I woke up this morning very confused and disoriented. It was 3:30 in the afternoon, and the curtains and the stairs were blocking out most of the light. When I moved, I realized something was different. The bed wasn’t empty like it usually is at such a late hour; I’d forgotten he’d stayed home. We had one of those typical moments where we both just lay there and pretend like we’re going to go back to sleep, and I prod him a couple times to make sure he doesn’t really drift off again.
I must have been out of bed five minutes when I get this weird text. I blink a couple of times and reread it.
“Can you come to my house? i need you….”
Given that it was entirely out of character, I grabbed my shit and left without much thought about it. I always wondered to myself what I would do if the situation was reversed and someone else asked me for help. I must have come up with a thousand reasons why I would ignore it in the real world, but somewhere in the back of my mind I kept thinking I could never do what had been done to me. Never. Not ever. There is nothing in the world worse than laying on the bathroom floor of a shitty motel, fucked up beyond comprehension, sobbing so hard you can’t see straight. Bloody and hateful and desperate. No one should ever see anyone else that way. I remember beating my head into a wall until my ears rang. I remember the coldness of the white tiles on my bare legs. I was screaming so loud he threatened to call the police.
Even then, after that incident, I didn’t stop drinking. I can’t explain to anyone what the appeal is of such a horrible state of mind, suffice to say you come back from it as someone else. You wake up in the morning and everything is clear. Your demons have fled you, finally. They run away in terror, because even they cannot handle such a frightening, self-destructive monster. There is nothing more pure and primal than that person, and there is no way it can be let out except with drink, because no one in their right mind can be as uninhibited and certain in their desires as that individual. The devil comes alive, and he’s as flesh and blood as anything.
I’ve never done drugs because I’ve never searched for pleasure. Pleasure was never what I was seeking. All I ever wanted was something to permeate that fog of control, control that is almost always nothing more than a sad puppet’s illusion. You take that away, and you can find what lies beneath. There is no doubt and the fear is heavy on your chest. It’s only then that you truly know what death is. It is only then that you can know whether or not you answer to that unending question is ‘yes’, or ‘no’. It’s only when you throw up so many times you grow weak from it, when you’re laying there fucked up and lost and alone that you see what this is all about.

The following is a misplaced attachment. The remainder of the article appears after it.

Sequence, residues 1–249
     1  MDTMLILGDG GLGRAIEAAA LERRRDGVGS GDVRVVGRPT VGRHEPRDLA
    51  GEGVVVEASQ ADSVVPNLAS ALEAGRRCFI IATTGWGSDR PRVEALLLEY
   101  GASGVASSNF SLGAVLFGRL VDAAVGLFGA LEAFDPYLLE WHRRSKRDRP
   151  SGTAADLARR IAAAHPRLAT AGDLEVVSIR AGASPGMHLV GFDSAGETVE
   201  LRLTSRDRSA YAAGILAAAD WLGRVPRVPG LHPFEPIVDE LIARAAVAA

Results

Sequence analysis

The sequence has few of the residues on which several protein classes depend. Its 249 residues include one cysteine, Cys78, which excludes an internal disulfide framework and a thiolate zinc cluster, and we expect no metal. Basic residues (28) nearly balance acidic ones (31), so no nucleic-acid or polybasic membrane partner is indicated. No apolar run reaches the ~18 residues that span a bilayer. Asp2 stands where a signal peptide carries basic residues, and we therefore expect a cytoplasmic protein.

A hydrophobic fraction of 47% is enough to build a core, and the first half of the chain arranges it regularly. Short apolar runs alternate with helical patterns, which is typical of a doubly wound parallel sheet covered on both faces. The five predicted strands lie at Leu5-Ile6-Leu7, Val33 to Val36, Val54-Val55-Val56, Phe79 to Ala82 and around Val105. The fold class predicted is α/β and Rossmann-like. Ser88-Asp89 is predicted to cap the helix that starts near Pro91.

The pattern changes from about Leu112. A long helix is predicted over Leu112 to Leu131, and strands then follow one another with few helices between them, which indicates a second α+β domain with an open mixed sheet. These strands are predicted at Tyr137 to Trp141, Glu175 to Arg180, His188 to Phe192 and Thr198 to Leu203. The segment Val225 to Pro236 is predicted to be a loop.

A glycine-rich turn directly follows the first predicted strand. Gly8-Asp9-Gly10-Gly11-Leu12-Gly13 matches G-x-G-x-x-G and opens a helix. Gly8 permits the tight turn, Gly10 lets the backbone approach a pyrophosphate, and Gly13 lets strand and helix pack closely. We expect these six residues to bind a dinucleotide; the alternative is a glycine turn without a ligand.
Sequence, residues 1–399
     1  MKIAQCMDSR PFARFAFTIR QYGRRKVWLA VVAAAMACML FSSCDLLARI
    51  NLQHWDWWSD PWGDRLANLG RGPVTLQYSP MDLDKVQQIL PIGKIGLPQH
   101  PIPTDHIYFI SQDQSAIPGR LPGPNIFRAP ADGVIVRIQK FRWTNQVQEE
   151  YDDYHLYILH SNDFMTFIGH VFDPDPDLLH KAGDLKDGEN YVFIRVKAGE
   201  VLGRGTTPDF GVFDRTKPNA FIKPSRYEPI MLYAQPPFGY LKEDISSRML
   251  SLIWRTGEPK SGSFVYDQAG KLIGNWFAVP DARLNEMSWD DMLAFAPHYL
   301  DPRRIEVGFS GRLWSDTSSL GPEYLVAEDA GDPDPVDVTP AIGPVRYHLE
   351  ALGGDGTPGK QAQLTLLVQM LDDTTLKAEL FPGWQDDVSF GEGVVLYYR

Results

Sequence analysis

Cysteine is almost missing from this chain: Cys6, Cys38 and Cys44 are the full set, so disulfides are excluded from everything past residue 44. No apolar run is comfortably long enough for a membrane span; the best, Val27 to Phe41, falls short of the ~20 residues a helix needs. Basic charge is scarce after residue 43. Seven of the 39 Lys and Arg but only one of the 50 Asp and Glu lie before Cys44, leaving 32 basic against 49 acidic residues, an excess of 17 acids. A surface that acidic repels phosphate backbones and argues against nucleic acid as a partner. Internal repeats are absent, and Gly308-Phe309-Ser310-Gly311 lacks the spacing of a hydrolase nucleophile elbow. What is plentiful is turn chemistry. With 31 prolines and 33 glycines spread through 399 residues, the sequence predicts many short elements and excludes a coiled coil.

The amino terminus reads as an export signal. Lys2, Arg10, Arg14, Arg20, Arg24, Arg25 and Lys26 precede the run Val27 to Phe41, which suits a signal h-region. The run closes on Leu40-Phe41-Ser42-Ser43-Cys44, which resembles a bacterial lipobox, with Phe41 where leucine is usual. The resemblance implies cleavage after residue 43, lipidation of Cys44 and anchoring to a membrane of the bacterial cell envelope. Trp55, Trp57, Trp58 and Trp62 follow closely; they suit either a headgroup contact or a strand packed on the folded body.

Interestingly, you usually only know who your true friends are after the fact. They might stop you because they are afraid, but so few help because they genuinely care. After the fact, things fall apart. No one can live with the reality of such a thing, such a dark, horrible secret. Watching someone lose control is as condemning as any crime. You’ve committed a crime against what’s right and just to them. You’re mad. There’s only one in a thousand that will stay with you after such a thing. And somewhere in my heart I always hoped I would be like that person, no matter what my instincts might dictate.
She was just fine, if not a little upset, sitting on her porch smoking a cigarette. She was surprised that I showed so quickly though, and grateful. It’s good to know I haven’t lost everything of me. There’s still a little something left, you just have to look.
And it doesn’t matter how many times it happens: I’ll still come running. Because there is no way in hell that anyone should have to die alone. There’s no excuse for that. To do so is nothing but fear and cowardice. I loathe the ones who run, afraid of anything that isn’t perfect. We’re so imperfect, and sometimes that’s the only good part of anything.
How can you not see? How could you?
I hope it haunts you everyday for the rest of your life. In the end I must thank you, however. I thank you for breaking me down in such a way. I won’t be tied down by you or anyone. I am free in all the ways you are not. Your benevolence was a lie; you’re worse than the ones you hate. I see now what I’ve done. I see how I was wrong, and I see my fault in the matter. But I am glad for it. There is not a thing I would change, because I realize now that all I got to see was who you are.
And things certainly aren’t as pretty on the inside.